Cutthroat Caverns truly does take the best parts of Munchkin — the “I’ll help you but only to a certain point” mechanic, the counter-to-a-counter-to-a-counter string of plays, the last man standing after a huge battle claiming victory — and wraps it up in a great game. My only complaint is that it takes roughly 90 minutes to play, so you have to commit a bit. But, those are 90 minutes well spent.
The gameplay in Dixit is very simple. On each turn, one player is the storyteller and has to say something to describe one of the cards in their hand. They can say a sentence, a word, sing a song, make a noise, whatever they want to do. That card is put face down on the table. Everyone else has to pick a card from their hand to play, also face down, that closely resembles that card. The cards are shuffled up and flipped over, which is when everyone except for the storyteller votes on who’s card was the storyteller’s.
It’s a fine line the storyteller has to walk, though. If you give too specific of a clue and everyone votes for your card, you get no points but everyone else does. The same is true if you give too vague a clue and nobody votes for your card. You want to be right in the middle, where some but not all players vote for you. This is also why you want to play cards that may throw people off when you aren’t the storyteller — you get points for correctly picking the storyteller’s c ard correctly and for each person that votes for your card.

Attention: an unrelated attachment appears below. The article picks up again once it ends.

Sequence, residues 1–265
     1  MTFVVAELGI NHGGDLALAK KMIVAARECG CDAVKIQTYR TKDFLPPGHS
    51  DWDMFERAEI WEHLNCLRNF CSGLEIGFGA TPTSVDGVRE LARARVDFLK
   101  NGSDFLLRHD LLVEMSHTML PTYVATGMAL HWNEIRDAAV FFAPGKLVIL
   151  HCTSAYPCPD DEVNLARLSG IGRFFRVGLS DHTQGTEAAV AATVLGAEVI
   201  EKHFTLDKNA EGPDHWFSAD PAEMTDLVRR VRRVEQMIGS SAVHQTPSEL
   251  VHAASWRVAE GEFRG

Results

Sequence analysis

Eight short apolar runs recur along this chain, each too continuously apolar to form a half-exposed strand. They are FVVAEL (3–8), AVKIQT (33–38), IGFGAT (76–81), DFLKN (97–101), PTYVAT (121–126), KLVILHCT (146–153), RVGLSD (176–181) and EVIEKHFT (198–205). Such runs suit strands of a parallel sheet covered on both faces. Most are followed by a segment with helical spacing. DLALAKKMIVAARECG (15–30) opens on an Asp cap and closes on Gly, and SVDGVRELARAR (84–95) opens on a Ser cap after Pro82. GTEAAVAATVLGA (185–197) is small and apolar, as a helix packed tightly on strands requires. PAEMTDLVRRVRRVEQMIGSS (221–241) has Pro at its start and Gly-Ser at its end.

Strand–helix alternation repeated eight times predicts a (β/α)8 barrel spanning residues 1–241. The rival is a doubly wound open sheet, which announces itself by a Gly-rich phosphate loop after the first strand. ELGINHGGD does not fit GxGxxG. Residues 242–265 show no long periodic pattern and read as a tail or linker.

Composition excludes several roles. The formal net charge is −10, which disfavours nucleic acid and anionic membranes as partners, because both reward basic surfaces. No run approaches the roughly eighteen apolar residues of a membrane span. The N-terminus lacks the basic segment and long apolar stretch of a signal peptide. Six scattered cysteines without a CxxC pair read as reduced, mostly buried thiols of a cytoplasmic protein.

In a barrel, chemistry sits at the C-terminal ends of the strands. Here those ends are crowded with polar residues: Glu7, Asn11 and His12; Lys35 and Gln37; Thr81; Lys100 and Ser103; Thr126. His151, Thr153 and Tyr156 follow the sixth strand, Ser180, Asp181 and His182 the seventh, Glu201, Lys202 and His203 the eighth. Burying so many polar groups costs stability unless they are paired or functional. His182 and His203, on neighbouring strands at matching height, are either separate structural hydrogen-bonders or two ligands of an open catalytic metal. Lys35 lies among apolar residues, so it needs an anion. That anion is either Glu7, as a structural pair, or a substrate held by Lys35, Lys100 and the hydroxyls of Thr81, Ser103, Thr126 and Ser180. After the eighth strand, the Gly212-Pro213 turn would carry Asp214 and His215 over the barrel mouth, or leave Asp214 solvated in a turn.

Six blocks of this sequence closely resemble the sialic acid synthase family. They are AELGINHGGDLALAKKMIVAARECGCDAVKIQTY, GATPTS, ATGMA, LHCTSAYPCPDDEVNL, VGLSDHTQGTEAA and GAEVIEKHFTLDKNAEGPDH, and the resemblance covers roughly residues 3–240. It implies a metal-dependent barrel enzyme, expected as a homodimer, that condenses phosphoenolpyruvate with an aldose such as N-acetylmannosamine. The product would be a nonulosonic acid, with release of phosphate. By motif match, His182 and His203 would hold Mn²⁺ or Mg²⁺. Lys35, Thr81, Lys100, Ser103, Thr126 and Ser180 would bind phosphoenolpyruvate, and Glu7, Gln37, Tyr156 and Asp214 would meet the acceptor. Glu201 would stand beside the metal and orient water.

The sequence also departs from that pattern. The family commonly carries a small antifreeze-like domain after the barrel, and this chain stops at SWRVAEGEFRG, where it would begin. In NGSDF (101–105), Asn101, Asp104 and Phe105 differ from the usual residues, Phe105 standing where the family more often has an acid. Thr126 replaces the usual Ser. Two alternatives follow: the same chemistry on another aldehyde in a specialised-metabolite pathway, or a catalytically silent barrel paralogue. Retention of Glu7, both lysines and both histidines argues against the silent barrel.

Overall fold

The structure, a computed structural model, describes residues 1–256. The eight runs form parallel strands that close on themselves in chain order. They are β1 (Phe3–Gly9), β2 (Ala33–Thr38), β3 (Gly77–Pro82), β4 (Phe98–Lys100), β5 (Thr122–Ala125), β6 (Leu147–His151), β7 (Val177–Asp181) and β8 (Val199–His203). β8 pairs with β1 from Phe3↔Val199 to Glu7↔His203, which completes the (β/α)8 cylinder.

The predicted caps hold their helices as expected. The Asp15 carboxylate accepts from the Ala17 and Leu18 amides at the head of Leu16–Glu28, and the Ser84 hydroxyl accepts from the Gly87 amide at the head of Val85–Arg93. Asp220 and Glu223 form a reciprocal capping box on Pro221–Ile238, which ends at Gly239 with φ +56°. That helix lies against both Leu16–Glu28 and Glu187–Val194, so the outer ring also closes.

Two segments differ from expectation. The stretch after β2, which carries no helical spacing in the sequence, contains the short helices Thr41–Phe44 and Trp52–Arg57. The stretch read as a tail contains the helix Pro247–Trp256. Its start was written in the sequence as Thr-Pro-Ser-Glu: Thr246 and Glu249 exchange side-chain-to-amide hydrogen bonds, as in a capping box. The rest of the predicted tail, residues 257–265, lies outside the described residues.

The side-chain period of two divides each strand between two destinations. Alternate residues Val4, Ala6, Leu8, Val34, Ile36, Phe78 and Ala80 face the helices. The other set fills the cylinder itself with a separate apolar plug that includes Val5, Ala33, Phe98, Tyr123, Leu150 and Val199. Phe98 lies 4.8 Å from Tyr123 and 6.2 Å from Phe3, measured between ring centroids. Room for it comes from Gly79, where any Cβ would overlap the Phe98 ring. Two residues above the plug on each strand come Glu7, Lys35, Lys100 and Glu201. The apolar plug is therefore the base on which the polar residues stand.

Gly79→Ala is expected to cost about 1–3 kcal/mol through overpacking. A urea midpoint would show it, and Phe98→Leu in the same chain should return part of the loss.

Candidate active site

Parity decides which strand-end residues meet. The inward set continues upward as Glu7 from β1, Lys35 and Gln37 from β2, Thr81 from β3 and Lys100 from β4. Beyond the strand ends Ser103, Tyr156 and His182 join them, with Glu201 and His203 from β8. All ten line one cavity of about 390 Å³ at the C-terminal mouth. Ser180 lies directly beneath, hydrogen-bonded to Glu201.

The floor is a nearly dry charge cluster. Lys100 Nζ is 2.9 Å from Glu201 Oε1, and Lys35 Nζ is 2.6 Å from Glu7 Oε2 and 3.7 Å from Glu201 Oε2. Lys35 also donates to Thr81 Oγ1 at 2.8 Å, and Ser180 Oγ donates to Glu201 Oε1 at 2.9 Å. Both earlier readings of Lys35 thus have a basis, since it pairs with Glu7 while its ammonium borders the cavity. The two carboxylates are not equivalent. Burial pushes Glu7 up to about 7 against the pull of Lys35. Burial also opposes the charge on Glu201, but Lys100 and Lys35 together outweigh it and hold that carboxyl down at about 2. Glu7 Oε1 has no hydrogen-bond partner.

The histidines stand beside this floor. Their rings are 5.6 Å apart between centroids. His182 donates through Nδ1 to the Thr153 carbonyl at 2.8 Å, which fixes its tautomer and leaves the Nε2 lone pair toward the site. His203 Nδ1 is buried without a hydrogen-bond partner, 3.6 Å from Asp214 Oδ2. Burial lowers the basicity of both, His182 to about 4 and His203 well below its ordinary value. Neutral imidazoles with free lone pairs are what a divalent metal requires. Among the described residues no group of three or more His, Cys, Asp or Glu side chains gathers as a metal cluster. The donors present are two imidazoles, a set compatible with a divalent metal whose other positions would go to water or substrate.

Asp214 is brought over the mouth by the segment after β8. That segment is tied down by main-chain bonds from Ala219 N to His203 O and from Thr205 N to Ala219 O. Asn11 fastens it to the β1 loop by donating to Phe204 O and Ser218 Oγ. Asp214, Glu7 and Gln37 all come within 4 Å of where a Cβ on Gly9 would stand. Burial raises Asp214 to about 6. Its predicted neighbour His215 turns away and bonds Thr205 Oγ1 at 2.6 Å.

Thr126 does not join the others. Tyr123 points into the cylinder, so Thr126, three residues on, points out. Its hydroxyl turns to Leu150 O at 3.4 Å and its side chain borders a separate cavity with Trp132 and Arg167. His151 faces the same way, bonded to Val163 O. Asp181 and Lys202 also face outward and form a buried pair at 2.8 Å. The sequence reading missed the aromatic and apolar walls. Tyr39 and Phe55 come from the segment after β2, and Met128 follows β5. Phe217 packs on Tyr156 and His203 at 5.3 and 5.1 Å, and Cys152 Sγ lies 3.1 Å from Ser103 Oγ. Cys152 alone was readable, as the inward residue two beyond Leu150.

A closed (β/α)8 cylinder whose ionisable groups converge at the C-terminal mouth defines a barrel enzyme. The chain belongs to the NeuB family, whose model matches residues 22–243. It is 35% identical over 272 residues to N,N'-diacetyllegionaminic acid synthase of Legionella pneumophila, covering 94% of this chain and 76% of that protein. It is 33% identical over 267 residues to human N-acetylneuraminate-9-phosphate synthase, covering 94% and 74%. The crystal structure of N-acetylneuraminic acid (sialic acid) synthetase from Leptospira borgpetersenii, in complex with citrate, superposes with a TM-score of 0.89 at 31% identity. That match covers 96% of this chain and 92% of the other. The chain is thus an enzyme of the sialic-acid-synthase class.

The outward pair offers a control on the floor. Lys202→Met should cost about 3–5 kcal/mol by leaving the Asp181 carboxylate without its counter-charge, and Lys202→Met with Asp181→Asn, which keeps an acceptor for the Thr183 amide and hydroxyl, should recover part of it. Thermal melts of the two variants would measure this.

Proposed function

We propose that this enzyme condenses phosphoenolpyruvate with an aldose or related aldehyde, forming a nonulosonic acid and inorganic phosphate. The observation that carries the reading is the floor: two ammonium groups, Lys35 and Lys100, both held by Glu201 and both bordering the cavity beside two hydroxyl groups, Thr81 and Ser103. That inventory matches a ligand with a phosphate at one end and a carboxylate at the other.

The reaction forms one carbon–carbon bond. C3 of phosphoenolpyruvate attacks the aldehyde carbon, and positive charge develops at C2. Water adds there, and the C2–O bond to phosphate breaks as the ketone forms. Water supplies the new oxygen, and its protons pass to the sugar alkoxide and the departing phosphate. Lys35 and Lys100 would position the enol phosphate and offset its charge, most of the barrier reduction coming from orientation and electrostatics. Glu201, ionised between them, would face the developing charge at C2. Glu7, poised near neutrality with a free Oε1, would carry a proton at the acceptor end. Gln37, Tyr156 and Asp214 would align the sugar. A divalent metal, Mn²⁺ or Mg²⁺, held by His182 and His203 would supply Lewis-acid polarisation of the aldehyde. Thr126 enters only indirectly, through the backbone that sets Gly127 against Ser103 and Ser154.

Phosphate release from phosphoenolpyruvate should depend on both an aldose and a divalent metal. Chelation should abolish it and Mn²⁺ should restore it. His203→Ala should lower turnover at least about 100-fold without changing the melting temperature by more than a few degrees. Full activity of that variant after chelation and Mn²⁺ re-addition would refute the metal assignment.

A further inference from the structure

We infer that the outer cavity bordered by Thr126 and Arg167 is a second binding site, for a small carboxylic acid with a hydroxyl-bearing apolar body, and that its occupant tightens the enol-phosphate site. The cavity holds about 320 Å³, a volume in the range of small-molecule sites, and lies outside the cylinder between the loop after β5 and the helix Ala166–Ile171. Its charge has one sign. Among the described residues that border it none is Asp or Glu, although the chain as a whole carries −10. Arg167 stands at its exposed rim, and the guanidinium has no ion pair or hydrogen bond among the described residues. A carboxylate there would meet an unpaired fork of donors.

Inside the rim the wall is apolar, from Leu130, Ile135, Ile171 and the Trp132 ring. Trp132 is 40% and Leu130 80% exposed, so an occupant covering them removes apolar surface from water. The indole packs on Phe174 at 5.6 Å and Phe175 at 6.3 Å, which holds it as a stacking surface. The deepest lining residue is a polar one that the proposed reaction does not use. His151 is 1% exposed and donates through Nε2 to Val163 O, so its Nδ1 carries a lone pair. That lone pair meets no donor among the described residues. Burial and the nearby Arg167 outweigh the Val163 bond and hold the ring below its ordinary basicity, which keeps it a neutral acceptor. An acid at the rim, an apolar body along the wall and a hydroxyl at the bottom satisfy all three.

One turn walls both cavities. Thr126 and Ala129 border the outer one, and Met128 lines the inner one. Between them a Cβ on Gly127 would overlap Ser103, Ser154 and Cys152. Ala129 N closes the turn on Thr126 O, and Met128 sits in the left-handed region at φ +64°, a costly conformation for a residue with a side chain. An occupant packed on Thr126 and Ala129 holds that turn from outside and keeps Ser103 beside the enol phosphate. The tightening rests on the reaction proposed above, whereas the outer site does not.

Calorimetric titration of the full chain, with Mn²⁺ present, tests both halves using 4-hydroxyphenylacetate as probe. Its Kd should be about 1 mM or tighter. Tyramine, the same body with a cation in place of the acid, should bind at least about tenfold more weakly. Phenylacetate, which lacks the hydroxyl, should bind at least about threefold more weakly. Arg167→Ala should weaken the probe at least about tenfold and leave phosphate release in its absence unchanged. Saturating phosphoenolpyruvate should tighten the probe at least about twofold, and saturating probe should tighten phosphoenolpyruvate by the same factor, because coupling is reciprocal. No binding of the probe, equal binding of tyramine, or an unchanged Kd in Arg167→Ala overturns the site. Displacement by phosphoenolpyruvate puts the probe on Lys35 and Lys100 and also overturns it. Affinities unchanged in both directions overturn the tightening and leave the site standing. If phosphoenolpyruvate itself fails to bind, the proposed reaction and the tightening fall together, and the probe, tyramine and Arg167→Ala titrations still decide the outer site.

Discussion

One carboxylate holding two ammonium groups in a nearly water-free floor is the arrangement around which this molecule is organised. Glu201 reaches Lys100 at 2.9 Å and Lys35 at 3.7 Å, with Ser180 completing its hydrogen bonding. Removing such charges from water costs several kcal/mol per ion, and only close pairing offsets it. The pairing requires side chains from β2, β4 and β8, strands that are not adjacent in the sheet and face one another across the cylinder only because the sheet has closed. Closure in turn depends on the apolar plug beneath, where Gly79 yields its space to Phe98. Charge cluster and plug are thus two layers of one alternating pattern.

Dixit is excellent in it’s simplicity. The game comes with a set of beautiful cards, each with a handful of small details you can pick out to focus on when playing one. It’s interesting to see how different people’s minds work while playing cards and voting. Someone will pick something based on a detail you overlooked or didn’t think was remotely applicable. Ease of play, excellent art, and a light feel make me give Dixit two thumbs up.
Escape: The Curse of the Temple
Escape is a chaotic 10-15 minutes of dice rolling against a growing game board and a timer. Everyone starts off in a center room and must find gems throughout the temple before escaping. The final tile is always in the last few of the stack, so you have a general idea of how far you have to go. Certain rooms let you roll to acquire gems for the team by rolling a certain number of a certain symbol. In the room in the bottom right of the above picture, if all players in the room combine to roll four keys you would gain one gem, seven keys is two gems, and 10 keys would be the max of three gems for the room. You need to gather as many gems as possible because to escape the final room you need to roll the correct symbol for the number of gems remaining in the temple plus one.
Cooperation comes into play when you roll a black mask, which locks a die in place. Each player starts with the same number of dice, but when you start losing them things become chaotic. Each golden mask can unlock two locked dice, including other players in the same room as you. If a player is stuck with completely locked down dice, someone is going to have to go back for them because everyone has to escape the final room to win. Oh, and just for the hell of it, twice per game everyone has to retreat back to the center room. The timer app will let you know with audio clues and anyone who doesn’t get back in time permanently loses a die.
Adding a little more fuel to the utter chaos is that everyone rolls all of their dice at the same time. Escape becomes a loud 15 minutes of everyone rolling, evaluating, and looking to/asking for help. It’s a great time. I really hope to play it this weekend.